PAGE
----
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Predicting Program Success Not Childs Play

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Journal Article

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Defense Acquisition University Fort Belvoir United States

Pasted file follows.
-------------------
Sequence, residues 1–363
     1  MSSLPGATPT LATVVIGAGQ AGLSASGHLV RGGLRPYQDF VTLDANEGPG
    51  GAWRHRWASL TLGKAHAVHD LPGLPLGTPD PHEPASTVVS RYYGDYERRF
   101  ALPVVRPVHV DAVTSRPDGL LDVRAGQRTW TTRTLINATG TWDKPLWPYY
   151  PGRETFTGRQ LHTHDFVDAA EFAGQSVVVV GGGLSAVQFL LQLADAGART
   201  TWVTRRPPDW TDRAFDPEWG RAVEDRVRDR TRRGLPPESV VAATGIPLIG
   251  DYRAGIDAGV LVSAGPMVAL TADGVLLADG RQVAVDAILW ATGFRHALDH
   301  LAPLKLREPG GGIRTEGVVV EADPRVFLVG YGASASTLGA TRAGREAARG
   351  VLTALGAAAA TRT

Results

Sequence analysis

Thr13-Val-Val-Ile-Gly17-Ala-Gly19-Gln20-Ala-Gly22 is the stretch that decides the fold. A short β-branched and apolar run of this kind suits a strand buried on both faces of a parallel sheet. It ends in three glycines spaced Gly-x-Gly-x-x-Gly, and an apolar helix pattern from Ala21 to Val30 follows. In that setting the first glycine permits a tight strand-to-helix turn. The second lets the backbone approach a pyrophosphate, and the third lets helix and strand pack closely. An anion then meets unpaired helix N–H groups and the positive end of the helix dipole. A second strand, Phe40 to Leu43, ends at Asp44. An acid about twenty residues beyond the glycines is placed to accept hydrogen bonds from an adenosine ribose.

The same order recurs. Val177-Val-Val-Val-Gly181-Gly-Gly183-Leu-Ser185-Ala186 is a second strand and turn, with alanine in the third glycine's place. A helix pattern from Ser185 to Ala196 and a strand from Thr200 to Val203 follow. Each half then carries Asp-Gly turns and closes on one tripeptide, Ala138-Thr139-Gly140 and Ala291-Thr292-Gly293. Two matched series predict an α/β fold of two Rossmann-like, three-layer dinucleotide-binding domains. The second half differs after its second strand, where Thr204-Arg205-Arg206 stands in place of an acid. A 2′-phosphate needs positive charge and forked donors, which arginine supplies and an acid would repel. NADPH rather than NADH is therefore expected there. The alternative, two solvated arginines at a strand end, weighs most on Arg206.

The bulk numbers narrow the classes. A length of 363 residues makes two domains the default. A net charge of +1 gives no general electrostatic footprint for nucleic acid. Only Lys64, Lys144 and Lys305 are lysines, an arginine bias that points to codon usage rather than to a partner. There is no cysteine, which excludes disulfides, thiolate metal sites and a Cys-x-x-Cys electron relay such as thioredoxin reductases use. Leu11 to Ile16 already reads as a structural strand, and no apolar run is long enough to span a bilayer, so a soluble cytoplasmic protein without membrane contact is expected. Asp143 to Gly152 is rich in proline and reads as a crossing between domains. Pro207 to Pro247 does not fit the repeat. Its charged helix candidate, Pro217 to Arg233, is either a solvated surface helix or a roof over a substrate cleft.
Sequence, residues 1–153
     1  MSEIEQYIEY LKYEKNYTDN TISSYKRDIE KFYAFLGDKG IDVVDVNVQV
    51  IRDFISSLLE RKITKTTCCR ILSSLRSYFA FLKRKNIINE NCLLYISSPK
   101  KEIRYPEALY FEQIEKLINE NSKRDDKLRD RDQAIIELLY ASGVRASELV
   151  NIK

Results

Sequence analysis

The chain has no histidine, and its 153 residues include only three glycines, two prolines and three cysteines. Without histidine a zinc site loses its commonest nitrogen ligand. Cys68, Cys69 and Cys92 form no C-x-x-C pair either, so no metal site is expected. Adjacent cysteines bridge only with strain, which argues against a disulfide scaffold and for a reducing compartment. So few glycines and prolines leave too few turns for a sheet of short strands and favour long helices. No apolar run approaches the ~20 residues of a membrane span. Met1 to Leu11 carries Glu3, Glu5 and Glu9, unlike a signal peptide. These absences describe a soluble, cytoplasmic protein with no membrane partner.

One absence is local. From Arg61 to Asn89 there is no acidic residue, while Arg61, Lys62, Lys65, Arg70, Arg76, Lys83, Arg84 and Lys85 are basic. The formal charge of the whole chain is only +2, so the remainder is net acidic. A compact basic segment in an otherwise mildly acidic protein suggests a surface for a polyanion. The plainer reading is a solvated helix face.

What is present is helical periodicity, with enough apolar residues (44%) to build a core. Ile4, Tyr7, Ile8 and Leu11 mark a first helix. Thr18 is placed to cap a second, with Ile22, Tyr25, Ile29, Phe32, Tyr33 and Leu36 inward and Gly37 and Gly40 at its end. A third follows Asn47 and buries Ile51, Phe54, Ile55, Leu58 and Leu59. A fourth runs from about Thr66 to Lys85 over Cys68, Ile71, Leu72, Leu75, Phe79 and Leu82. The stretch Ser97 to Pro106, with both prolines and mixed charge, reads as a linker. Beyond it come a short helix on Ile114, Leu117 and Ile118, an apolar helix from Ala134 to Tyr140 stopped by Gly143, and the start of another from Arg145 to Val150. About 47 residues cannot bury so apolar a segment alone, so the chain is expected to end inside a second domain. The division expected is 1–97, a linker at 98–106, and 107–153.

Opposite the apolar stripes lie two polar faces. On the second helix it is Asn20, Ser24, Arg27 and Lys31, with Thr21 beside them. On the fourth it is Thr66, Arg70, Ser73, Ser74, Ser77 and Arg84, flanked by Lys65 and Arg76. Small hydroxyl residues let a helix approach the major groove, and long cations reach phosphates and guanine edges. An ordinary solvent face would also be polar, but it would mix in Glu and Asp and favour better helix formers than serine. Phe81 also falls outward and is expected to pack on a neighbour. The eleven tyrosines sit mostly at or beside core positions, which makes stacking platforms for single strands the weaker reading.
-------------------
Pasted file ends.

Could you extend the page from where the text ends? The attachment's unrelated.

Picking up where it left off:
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Whenever I deal with stakeholders, I am reminded of the game Rock, Paper, Scissors that I played as a child. If youre not familiar with the game, two players, on the count of three, put forth a hand in a symbol representing a rock, paper or scissors. The winner of the round is determined by the relationship between the two factors Paper covers rock, so paper wins rock breaks scissors, so rock wins or scissors cut paper, so scissors win. When I was young, the winner got to punch the loser in the arm or give a two-finger wet slap. Both consequences were harmless but somewhat painful.One could argue that there is a forecasting aspect of the game based on the players last three to five throwsi.e., past performance. To win continuously, a player has to guess what symbol the other player will throw and then throw the appropriate winning symbol. It is difficult to predict because every throw has a winner or loser based solely on the situation at the time, and the situation is dynamic.

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